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SCOTUS declines to take Indiana criminal case

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The nation’s highest court won’t take a case asking whether a defendant’s second trial was barred by the double jeopardy clause of the Fifth Amendment, meaning that an Indiana Supreme Court decision on the issue will stand.

In an order list released Monday, the Supreme Court of the United States decided against taking the case of Nathan Brock v. State of Indiana, No. 11-8436, challenging a decision by the state justices last year.

In that Oct. 18 ruling, the justices found that although the defendant didn’t consent to a mistrial, Jay Superior Judge Max Ludy Jr. didn’t abuse his discretion in finding that a mistrial was justified by “manifest necessity.”

Nathan Brock appealed his conviction of Class C felony operating a motor vehicle after forfeiture of driving privileges for life. He was charged with violating Indiana Code 9-30-10-17, and during trial his defense counsel made several improper statements to the jury — including insinuating that redacted material in Brock’s driving record may have been beneficial to Brock. The state moved for a mistrial, but the court denied it and ordered that evidence would be reopened. After a short recess, Ludy decided to grant the request for a mistrial and discharged the jury. Brock filed a motion to dismiss on double jeopardy grounds just before his second trial was to begin. The trial court denied that motion and he was convicted. The Indiana Court of Appeals affirmed, finding Brock waived his right to claim double jeopardy because he didn’t timely object to the state’s motion for a mistrial, and manifest necessity justified the judge’s decision.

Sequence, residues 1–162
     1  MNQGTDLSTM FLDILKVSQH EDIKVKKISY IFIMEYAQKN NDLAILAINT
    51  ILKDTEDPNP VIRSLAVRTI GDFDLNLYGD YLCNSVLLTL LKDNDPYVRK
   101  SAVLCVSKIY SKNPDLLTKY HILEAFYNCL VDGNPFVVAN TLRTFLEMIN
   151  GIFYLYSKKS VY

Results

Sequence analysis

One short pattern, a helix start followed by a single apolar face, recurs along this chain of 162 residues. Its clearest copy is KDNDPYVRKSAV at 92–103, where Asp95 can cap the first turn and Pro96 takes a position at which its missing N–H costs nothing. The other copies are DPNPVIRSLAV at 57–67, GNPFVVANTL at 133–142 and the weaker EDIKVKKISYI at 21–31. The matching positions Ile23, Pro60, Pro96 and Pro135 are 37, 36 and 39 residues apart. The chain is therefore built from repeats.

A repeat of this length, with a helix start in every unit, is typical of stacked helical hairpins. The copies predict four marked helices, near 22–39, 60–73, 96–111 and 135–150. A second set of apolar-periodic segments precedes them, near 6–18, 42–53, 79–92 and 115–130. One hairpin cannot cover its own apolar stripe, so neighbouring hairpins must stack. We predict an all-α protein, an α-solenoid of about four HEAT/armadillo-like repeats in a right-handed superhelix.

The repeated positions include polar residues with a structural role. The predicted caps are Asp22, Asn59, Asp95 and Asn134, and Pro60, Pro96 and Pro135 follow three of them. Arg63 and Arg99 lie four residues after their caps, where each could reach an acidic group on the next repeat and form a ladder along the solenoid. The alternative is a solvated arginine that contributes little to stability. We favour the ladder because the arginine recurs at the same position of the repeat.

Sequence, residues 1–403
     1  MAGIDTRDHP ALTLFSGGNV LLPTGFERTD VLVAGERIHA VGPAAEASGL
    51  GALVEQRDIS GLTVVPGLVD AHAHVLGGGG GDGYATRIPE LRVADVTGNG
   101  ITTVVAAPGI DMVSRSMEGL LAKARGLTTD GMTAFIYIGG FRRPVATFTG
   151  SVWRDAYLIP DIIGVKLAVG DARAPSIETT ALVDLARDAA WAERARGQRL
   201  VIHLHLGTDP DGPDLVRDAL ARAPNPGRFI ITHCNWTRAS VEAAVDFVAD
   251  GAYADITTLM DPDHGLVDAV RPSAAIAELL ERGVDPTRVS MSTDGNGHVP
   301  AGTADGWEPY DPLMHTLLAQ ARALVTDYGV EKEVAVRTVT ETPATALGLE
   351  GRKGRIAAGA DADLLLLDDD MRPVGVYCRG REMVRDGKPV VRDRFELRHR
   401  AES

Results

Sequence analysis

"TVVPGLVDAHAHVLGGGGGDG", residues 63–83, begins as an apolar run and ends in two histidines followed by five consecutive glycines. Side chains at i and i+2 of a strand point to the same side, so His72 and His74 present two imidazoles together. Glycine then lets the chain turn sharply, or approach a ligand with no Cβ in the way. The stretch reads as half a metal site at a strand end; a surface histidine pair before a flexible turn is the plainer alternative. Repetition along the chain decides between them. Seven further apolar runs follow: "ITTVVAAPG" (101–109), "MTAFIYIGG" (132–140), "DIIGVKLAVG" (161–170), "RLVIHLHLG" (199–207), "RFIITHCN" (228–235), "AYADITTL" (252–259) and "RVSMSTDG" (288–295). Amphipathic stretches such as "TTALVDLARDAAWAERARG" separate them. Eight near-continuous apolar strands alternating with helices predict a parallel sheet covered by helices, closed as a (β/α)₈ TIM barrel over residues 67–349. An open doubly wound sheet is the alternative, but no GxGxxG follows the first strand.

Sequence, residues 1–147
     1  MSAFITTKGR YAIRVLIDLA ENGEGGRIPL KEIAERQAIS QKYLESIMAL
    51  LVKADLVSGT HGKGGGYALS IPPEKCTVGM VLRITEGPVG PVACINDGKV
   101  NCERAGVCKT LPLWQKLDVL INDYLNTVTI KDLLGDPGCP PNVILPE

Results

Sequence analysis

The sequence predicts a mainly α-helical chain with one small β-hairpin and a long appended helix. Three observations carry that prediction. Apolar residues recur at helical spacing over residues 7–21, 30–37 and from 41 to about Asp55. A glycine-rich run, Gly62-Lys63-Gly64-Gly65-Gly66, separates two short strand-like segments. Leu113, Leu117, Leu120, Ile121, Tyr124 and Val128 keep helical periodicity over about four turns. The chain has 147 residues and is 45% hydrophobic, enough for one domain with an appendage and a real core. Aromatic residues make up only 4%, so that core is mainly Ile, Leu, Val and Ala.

In its decision, Justice Frank Sullivan wrote that Brock did not consent to the trial judge’s declaration of a mistrial. The court adopted the approach taken by the federal appellate courts which have held that a defendant consents to a mistrial when he or she has an opportunity to object and fails to do so. These courts have also recognized that sometimes there is no opportunity to object and to prohibit a defendant from raising a double jeopardy claim under these circumstances would be too harsh, Sullivan wrote.

Brock’s attorney, Dale Arnett in Winchester, filed a petition for certiorari in October and this denial means the state ruling is the final word unless a rehearing request is filed with the SCOTUS.

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  1. Such things are no more elections than those in the late, unlamented Soviet Union.

  2. It appears the police and prosecutors are allowed to change the rules halfway through the game to suit themselves. I am surprised that the congress has not yet eliminated the right to a trial in cases involving any type of forensic evidence. That would suit their foolish law and order police state views. I say we eliminate the statute of limitations for crimes committed by members of congress and other government employees. Of course they would never do that. They are all corrupt cowards!!!

  3. Poor Judge Brown probably thought that by slavishly serving the godz of the age her violations of 18th century concepts like due process and the rule of law would be overlooked. Mayhaps she was merely a Judge ahead of her time?

  4. in a lawyer discipline case Judge Brown, now removed, was presiding over a hearing about a lawyer accused of the supposedly heinous ethical violation of saying the words "Illegal immigrant." (IN re Barker) http://www.in.gov/judiciary/files/order-discipline-2013-55S00-1008-DI-429.pdf .... I wonder if when we compare the egregious violations of due process by Judge Brown, to her chiding of another lawyer for politically incorrectness, if there are any conclusions to be drawn about what kind of person, what kind of judge, what kind of apparatchik, is busy implementing the agenda of political correctness and making off-limits legit advocacy about an adverse party in a suit whose illegal alien status is relevant? I am just asking the question, the reader can make own conclsuion. Oh wait-- did I use the wrong adjective-- let me rephrase that, um undocumented alien?

  5. of course the bigger questions of whether or not the people want to pay for ANY bussing is off limits, due to the Supreme Court protecting the people from DEMOCRACY. Several decades hence from desegregation and bussing plans and we STILL need to be taking all this taxpayer money to combat mostly-imagined "discrimination" in the most obviously failed social program of the postwar period.

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